Betting UCF-Navy: Why Do Service Academies Overperform as Big Underdogs?
Ray Carlin-USA TODAY Sports. Pictured: Ken Niumatalolo
- Navy plays UCF (-25) on Saturday (12 p.m. ET, ESPN2).
- Service academies have covered frequently as big underdogs, because they limit the number of possessions with the triple option.
This post is updated from a previous version that ran before Navy played Notre Dame last month.
Since 1980, the service academies haven’t pulled off many big upsets. Army, Navy and Air Force are just 1-103 straight up as underdogs of more than 20 points.
But here at The Action Network, we’re more concerned about against-the-spread (ATS) results. And boy have the service academies been stellar ATS in those 104 games.
Since 1980, as underdogs of more than 20 points:
- Navy: 34-14 ATS
- Army: 26-15-3 ATS
- Air Force: 9-3 ATS
All together, that’s a 69-32-3 record against the closing number, good for almost 70%.
This weekend, Navy plays UCF (12 p.m. ET on ESPN). The Knights are 25-point favorites.
This situation doesn’t happen as often as it did in the past since the service academies have improved, but as underdogs of more than 20 points they’re still 11-2-1 ATS since 2009 and 20-6-1 since 2005, per our data at Bet Labs.
Why Is This Trend So Reliable?
All three service academies run the triple-option.
And even though they didn’t adopt it in the early 1980s, all three have been running the ball far more than passing for most of the last 40 years (save for Navy in the early 1990s and Army in the early 2000s — maybe that’s why the Black Knights lost six straight ATS in this spot from 2003 to 2005).
Paul Johnson brought the triple-option in its current form to Navy in the early 2000s.
The triple-option shrinks the talent and size gap against better teams with bigger players. And it’s a way to limit an opponent’s possessions, adding more variance to a game that can already be pretty random on any given Saturday.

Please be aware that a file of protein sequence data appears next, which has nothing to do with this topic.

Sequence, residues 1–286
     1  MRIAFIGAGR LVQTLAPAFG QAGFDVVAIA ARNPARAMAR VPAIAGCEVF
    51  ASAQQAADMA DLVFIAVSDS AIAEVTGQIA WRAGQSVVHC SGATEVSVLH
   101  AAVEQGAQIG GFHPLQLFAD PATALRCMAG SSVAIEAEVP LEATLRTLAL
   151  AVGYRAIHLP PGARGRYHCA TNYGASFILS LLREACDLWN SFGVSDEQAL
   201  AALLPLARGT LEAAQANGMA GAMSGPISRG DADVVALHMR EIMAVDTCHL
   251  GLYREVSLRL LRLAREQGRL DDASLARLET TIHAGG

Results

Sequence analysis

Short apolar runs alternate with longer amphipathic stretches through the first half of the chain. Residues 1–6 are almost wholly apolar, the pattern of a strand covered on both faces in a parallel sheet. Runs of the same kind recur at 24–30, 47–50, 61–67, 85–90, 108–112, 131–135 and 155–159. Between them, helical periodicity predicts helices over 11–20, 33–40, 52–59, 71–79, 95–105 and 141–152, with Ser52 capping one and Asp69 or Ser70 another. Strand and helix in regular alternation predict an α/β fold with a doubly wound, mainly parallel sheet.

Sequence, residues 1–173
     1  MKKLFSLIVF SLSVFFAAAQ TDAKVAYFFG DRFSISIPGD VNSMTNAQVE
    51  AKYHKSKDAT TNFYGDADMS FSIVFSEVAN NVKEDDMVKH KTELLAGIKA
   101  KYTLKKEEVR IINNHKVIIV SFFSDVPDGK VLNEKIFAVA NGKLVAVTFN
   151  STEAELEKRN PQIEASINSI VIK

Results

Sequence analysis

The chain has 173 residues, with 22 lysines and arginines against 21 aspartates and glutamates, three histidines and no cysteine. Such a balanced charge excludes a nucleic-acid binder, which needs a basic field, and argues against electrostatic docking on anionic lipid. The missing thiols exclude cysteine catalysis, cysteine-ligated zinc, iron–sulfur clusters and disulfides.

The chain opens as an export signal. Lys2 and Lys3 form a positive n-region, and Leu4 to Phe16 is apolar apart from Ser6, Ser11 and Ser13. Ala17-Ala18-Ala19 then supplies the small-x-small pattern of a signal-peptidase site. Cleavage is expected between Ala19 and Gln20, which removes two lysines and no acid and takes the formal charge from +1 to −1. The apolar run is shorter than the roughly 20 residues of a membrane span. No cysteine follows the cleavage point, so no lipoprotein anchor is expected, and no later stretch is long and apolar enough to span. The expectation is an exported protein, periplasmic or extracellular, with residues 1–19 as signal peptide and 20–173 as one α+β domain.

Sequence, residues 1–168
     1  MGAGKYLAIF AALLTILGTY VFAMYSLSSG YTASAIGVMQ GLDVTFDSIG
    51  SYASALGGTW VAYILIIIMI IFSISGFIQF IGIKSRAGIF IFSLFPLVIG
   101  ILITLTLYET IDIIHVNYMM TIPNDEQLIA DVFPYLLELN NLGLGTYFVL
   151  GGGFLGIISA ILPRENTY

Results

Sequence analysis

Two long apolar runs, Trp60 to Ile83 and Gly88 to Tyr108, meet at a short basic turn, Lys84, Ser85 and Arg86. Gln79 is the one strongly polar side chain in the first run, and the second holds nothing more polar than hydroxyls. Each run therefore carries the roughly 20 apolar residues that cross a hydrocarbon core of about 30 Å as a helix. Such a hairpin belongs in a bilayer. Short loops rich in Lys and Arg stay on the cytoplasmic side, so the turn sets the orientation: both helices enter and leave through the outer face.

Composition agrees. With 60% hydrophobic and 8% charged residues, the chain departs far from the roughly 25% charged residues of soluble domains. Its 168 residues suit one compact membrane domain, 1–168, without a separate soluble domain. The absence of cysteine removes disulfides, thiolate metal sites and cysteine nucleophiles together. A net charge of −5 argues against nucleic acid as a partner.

Look no further than last month, when Army took Oklahoma to overtime as a 29-point dog. How’d the Black Knights do it? They limited the Sooners’ possessions.
Oklahoma had just seven drives against Army. Seven! The Sooners have averaged 13.33 drives in their six other games.
Look at those touchdown drives for Army. Long, painstaking. It went 13 of 21 on third down and 4 of 5 on fourth down.
Even if Oklahoma scored a touchdown on all of its drives, it would have won 49-21 and not covered the 29-point spread.
That game wasn’t a one-off, either. Since 2010, at least two of the service academies have ranked in the top 5 in fewest defensive possessions per game every year.
Any Other Causes?
Defending the triple-option is probably like trying to tackle Jell-O, if that Jell-O was also taunting you because you couldn’t stop it.
It moves and shifts its shape, and when you think you’ve wrestled it down, it’s an extra five yards down the field in a manageable third-down situation.
Not only does it kill time, it isn’t something most programs know how to defend because they never see it and don’t have much time to prepare for it.
Another possible cause that can’t be quantified but should be considered: What coach would run up the score on America’s future military leaders?
Win, avoid injury, shake hands and go home. Don’t beat Army, Navy or Air Force by 60, even if you can.
Will It Happen Again on Saturday?
It’s a lot tougher to dive into betting the 2018 version of Navy than it has been in the past. Navy is 2-7 ATS and got shutout by Cincinnati last week, 42-0.
This isn’t the same Navy team that’s given everyone fits over the past decade. The Midshipmen offense ranks 80th in S&P+ — the lowest it has finished since 2005 is 66th. The defense also has a program-low ranking of 121st.
Last season, UCF beat Navy, 31-21, covering as a 6.5-point favorite. The Knights only outgained the Midshipmen by about 64 yards.